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The Hillyards of St. Jones Within go to the mat for each other

From the left, Shawn, Ryan and George, three generations of Hillyards in St. Jones Within, recently celebrated a shared achievement. They each earned their black belts in karate.
From the left, Shawn, Ryan and George, three generations of Hillyards in St. Jones Within, recently celebrated a shared achievement. They each earned their black belts in karate.

By Juanita Mercer Special to the SaltWire Network

When youngsters think about spending time with grandparents, they might envision a morning of fishing or an afternoon playing cards.

In St. Jones Within, Ryan Hillyard spends quality time with his grandfather, George, practising karate.

Along with Ryan’s father, Shawn, the three generations of Hillyards work out together twice a week at the St. Jones Within Community Centre. What’s more, all three recently earned their black belts.

Sensei Bruce Lee, a seventh-degree black belt who travelled from St. John’s to hold the grading session, said it is rare to see three generations in a family earn their black belts, especially at the same time.

“Shotokan style [karate], in particular, is a very difficult and prestigious art form. St. Jones Within can be very proud of the three generations . . . grandfather George, son Shawn, and grandson Ryan to have accomplished such a rare and outstanding achievement,” said Lee.

Sensei Kevin Price instructs the small karate class in St. Jones Within, located between Clarenville and Goobles. That the class has become part of the community’s fabric was plain to see at the most recent grading. As the Hillyards and several others demonstrated various katas (movements), about a dozen spectators gathered to watch.

Price maintains karate can be practised by people of any age, “whether you’re 6 or 106,”and George Hillyard is proof of that.

The 72-year-old has experienced a series of ailments over the past several years, including a heart attack. More recently, a blood clot behind his right eye has impaired his vision so much that he is not permitted to drive.

In spite of all that, he appeared sure-footed demonstrating the various kata and kumite (sparring) movements during the grading.

A modest and soft-spoken man, he acknowledged there is a lot one must remember for a black belt grading.

“At my age, it’s not too easy to remember things (like) the younger crowd, who catch on easier,” he said. And, in a rare moment of boldness, he joked, “But I figure I can put any of these guys in their place, even [Sensei] Kevin.”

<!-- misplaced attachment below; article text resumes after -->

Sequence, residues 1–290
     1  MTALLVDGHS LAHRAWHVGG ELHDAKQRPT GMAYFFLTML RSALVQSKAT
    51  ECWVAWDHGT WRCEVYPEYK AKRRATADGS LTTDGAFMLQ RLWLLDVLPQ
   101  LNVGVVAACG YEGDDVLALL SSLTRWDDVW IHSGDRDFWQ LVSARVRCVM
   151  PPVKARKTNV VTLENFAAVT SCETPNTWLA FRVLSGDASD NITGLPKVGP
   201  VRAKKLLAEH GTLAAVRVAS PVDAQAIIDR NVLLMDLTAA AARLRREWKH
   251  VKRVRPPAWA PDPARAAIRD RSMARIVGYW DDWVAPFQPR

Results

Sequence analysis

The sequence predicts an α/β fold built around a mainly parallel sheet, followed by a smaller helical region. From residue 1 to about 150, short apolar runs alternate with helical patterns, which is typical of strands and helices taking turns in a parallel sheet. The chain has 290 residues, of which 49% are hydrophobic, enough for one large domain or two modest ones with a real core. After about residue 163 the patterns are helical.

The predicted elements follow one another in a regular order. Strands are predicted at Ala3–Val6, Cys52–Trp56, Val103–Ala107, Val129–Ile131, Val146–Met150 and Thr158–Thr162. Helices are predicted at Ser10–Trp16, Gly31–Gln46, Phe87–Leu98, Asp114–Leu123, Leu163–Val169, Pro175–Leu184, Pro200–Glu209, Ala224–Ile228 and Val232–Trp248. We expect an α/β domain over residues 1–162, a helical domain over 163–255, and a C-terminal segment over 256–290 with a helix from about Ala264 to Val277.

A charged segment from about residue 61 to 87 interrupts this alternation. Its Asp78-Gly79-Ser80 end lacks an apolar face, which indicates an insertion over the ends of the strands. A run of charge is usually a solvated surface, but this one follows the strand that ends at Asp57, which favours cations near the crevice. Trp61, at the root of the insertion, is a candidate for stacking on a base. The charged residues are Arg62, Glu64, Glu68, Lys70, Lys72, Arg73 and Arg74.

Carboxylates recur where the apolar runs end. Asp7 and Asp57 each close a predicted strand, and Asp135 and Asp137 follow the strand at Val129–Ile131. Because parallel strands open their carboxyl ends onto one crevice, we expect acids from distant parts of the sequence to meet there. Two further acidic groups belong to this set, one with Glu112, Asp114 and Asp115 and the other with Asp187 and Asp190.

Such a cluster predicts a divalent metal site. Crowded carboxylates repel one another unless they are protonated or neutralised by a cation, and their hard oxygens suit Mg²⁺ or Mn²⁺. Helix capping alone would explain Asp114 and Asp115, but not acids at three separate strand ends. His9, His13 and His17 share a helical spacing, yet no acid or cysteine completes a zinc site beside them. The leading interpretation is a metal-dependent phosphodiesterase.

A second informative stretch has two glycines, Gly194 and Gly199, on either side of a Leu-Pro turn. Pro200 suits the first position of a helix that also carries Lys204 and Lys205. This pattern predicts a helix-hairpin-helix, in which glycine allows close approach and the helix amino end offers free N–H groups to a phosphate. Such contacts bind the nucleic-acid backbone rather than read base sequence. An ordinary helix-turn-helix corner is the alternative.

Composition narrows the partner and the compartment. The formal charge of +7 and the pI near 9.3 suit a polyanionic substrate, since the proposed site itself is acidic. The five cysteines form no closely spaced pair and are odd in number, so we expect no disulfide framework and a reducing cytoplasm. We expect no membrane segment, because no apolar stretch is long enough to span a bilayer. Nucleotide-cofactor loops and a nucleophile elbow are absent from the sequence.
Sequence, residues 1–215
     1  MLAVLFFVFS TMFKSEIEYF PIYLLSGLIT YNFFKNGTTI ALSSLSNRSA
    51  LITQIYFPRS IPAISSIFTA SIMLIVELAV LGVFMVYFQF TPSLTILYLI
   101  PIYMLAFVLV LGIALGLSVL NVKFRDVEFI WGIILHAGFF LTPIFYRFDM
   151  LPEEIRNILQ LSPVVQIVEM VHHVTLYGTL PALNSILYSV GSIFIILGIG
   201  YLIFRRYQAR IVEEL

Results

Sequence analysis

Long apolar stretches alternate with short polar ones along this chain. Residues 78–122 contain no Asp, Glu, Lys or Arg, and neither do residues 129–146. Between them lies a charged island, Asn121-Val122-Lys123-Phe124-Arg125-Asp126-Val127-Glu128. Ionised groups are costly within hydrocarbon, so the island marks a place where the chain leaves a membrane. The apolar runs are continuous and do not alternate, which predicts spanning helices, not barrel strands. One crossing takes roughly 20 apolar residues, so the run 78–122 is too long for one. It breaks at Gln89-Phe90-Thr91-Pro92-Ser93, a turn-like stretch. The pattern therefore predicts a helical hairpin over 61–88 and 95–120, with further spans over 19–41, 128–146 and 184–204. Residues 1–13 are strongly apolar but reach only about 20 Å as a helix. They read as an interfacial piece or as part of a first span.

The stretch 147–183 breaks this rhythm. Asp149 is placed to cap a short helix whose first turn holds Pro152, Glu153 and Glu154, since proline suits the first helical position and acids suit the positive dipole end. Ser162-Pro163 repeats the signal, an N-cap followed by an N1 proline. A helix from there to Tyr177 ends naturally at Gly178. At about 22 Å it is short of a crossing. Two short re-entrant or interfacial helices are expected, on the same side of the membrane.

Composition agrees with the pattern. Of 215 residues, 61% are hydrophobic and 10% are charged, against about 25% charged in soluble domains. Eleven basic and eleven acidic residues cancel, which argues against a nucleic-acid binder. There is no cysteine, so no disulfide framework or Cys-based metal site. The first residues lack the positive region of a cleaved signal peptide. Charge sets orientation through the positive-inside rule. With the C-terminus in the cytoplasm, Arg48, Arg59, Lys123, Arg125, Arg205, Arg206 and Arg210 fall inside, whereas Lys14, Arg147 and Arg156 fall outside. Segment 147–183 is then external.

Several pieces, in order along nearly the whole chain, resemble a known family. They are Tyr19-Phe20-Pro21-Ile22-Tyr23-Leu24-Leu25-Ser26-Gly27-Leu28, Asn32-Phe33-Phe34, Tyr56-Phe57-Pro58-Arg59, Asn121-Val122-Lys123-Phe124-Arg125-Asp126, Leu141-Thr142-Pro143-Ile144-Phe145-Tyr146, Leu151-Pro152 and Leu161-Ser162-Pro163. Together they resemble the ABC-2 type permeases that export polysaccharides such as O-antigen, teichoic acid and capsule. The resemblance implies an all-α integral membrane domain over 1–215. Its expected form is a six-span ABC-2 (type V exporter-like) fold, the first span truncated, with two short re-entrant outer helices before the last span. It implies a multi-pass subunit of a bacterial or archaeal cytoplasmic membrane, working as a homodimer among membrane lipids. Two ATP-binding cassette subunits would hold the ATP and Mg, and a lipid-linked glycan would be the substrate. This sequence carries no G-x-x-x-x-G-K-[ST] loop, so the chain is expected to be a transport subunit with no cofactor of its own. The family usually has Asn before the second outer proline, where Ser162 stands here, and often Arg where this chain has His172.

More often, George is the picture of humility.

“Even in high school, if a teacher asked me to read out an answer to a question, I’d rather pretend I didn’t know it than get up. I never did get away from that,” he said.

Price recalled how George first came to the dojo to watch his grandson practise when the club first started.

“He sat down on the stage, to watch. I said, ‘Well, take off your socks and join us.’ He said, ‘I can’t do that.’ I said, ‘Why not? Give it a try, it’s not going to kill you.’

“So, I coaxed him and he got up and joined the class. And he stayed with it.

“A few months later, his son, Shawn, showed up… [and] the three Hillyards stuck with it ever since,” said Price.

While Ryan has the loudest shouts in the dojo, he is more reserved in conversation. But when he speaks about practising karate with his father and his grandfather, it is clear he is proud.

“It’s not everybody who gets the opportunity to do that,” he boasted. “It’s kind of unique.”

Practising karate over the past seven years meant overcoming a variety of obstacles for the Hillyards, from health concerns to hectic work and school schedules.

“There was a lot of times where we thought we were going to quit, but we kept at it; perseverance kept us going,” says Shawn. “I guess what kept me in there was because Father and Ryan were there.

“If they weren’t there, I probably would have quit long ago because I had so much going on, between courses and work.”

George chimes in, “Each one of us is keeping the other one there, in a way.”

Sensei Price credits the high number of black belts in such a small community to what he calls a “bayman attitude… they’re more persistent, less apt to give up.”


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